Throughout the exchanges, Louisa had remained rigidly still, as though turned to the biblical pillar of salt. Now she moved to the sofa, her movements jerky. Her face was paper white, her red hair making it whiter still. From this stunned face, her eyes burned.

Fellows knew he should not sit on the sofa next to her. He should pull a hard chair from the other side of the room and angle it away from her so he wouldn’t risk his legs touching her skirt.

But then he thought again about how they’d stood in the doorway of the empty room last Christmas, the revelry far away down the hall. How Louisa had flowed into him, her lips seeking his, her body soft against his. She’d instigated the kiss, and Fellows hadn’t been able to stop himself turning it into a taste of passion.

He did not seek the other chair. He sat on the sofa with Louisa, putting at least two feet of space between them. Then he stripped off his gloves, took a small notebook and pencil from his pocket, flipped to a clean page, and wrote: Interview with Lady Louisa Scranton, witness.

“Take me through it, Lady Louisa,” Fellows said, not letting himself look up from the notebook.

“Take you through what?” Her voice was brittle. “How I watched the Bishop of Hargate die?”

Fellows kept his eyes on the page. “I need to know exactly what happened. It’s apparent he was poisoned, and I’d like to know how and by who. You went inside the tea tent . . .”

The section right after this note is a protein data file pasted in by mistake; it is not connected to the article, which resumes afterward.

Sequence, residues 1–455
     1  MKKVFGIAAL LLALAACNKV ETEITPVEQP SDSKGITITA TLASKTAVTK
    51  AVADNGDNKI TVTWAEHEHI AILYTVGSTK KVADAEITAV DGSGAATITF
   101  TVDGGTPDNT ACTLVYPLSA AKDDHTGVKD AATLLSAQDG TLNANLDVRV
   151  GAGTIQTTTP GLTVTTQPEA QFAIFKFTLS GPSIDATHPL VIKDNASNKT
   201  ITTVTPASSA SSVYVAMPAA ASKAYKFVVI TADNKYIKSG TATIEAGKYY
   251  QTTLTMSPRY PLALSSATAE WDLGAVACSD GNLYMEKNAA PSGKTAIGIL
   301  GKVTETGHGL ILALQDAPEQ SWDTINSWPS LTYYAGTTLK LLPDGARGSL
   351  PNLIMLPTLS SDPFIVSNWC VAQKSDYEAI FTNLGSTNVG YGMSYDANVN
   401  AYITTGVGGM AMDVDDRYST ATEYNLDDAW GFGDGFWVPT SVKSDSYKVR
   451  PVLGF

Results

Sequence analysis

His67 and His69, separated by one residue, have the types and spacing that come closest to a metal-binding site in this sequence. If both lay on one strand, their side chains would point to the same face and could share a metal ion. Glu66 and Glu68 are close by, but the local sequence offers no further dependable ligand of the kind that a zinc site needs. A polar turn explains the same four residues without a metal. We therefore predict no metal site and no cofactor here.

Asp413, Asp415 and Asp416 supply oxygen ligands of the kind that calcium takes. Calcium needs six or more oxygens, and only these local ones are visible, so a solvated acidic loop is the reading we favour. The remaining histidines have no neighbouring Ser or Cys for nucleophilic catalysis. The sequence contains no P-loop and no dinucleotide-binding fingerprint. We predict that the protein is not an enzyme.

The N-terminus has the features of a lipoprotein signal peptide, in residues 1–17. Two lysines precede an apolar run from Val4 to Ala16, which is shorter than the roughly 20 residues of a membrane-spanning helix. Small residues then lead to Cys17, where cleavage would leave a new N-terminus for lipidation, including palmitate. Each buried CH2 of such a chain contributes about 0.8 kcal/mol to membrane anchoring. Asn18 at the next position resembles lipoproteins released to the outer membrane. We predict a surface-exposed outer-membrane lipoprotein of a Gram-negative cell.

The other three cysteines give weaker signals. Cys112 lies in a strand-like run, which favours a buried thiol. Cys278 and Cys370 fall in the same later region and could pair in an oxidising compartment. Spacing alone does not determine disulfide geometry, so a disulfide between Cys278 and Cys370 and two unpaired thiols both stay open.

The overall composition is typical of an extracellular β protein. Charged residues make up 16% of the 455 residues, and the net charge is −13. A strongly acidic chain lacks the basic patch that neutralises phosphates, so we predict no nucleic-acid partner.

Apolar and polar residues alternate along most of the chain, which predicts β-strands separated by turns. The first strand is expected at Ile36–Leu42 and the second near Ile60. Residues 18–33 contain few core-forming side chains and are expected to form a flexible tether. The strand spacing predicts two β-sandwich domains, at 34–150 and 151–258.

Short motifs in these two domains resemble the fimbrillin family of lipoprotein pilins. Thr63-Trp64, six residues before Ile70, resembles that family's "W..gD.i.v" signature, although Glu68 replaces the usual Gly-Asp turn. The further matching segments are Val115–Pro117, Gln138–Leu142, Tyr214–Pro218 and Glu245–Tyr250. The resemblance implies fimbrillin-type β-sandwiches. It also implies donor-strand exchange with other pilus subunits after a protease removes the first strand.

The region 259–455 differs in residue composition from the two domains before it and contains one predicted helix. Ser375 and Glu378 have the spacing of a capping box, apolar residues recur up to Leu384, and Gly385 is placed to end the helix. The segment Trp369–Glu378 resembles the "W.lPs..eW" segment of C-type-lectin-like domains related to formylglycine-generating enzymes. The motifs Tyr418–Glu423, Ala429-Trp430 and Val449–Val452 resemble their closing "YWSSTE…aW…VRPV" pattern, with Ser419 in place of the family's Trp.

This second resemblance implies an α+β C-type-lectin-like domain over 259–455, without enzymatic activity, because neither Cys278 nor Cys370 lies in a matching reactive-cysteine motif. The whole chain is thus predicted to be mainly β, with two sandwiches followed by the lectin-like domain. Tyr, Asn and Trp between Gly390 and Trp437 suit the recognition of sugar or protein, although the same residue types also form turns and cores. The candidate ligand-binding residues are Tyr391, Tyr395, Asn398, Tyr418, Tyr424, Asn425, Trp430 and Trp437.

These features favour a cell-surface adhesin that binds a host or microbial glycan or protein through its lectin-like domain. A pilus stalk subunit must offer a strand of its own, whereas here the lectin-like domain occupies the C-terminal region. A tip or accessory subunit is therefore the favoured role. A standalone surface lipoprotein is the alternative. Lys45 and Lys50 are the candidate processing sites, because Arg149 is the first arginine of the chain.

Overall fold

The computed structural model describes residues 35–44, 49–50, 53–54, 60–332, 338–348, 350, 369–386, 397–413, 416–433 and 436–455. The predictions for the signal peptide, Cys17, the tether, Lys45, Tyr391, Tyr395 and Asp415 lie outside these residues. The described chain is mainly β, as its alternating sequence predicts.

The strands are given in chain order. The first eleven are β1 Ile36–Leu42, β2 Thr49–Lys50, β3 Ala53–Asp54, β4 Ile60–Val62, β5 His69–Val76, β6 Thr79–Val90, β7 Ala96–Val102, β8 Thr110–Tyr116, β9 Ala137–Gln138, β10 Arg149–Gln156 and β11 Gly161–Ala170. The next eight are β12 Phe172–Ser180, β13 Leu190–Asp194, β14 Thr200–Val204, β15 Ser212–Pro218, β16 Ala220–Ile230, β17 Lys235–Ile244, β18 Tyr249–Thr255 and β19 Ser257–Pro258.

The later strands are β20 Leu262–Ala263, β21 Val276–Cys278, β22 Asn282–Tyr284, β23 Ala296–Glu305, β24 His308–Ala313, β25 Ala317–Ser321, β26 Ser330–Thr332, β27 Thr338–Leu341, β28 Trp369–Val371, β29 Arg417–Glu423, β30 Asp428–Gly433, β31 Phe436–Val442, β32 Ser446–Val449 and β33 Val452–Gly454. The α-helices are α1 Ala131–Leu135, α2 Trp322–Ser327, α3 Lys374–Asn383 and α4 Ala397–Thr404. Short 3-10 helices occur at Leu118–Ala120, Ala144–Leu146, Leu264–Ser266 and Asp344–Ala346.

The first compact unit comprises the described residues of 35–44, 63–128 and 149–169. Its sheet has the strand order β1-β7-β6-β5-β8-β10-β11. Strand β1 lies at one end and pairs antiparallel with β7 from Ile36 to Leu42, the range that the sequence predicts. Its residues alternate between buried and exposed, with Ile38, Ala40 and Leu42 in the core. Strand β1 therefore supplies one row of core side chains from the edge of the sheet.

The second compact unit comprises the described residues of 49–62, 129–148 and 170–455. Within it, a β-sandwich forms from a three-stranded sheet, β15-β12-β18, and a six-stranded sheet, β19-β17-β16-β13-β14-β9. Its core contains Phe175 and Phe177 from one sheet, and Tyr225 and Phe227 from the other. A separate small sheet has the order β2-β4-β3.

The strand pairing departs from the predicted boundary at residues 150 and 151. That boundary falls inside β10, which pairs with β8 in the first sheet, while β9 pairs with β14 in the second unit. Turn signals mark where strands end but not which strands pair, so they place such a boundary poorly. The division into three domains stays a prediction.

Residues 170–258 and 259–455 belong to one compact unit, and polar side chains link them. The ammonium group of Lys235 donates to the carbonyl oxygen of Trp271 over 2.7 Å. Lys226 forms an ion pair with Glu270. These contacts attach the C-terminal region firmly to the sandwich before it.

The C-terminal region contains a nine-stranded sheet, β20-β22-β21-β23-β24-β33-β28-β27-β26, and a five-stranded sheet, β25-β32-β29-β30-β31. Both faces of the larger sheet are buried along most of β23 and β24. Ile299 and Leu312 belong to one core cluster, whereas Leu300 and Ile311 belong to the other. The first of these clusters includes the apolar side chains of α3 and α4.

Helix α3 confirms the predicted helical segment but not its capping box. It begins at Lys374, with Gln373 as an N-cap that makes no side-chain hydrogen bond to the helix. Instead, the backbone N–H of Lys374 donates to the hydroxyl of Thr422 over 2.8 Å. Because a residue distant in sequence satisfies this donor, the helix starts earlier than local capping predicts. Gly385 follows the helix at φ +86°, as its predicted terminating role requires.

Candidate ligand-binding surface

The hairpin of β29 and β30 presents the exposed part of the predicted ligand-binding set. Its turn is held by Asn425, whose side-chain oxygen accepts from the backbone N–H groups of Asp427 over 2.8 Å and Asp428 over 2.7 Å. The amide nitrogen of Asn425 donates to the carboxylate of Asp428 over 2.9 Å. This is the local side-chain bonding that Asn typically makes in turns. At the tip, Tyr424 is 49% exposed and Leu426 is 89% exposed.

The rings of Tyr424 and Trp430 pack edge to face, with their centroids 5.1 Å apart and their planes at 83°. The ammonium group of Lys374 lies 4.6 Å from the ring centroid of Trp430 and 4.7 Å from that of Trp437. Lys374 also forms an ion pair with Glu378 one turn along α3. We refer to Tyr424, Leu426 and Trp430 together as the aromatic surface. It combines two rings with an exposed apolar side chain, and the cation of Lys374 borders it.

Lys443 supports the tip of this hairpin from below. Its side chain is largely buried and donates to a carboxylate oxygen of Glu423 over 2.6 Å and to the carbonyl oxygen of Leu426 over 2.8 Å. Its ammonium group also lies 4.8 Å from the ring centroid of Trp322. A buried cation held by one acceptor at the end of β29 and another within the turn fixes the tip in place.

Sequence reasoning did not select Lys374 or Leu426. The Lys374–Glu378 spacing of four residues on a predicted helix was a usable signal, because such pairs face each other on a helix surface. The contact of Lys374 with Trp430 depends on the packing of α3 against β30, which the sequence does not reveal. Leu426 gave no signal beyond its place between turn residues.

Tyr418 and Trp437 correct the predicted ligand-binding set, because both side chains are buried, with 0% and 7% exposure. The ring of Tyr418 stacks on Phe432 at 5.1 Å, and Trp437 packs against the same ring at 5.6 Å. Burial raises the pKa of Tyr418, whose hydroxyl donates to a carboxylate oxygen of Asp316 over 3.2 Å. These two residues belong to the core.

Louisa drew a sharp breath. “We had some tea. The bishop was talking to me about . . . about his recent travels to Paris. Then he looked ill, started struggling to breathe, and he fell. I thought he was choking, and I ran and fetched Sir Richard. By the time we returned, the bishop was dead.” Louisa shivered, her hands moving restlessly.

Fellows resisted the urge to reach over and give her a comforting caress. “Did you drink any of the tea?”

“No. I never had the opportunity.”

Fellows made his hand write the notes. “But you had a cup of tea. There were two cups—one broken on the ground, one on the table near a teapot. The cup on the table was presumably yours.”

“Yes, I poured it. But I didn’t want tea just then, so I set it down to drink later.”

“Why did you do that?”

When Louisa didn’t answer right away, Fellows made himself look up from his notebook.

Louisa was staring at him, no shyness in her. The light in her eyes was angry, very angry, but behind her defiance he saw great fear.

“Why didn’t you drink?” Fellows asked again, this time watching her.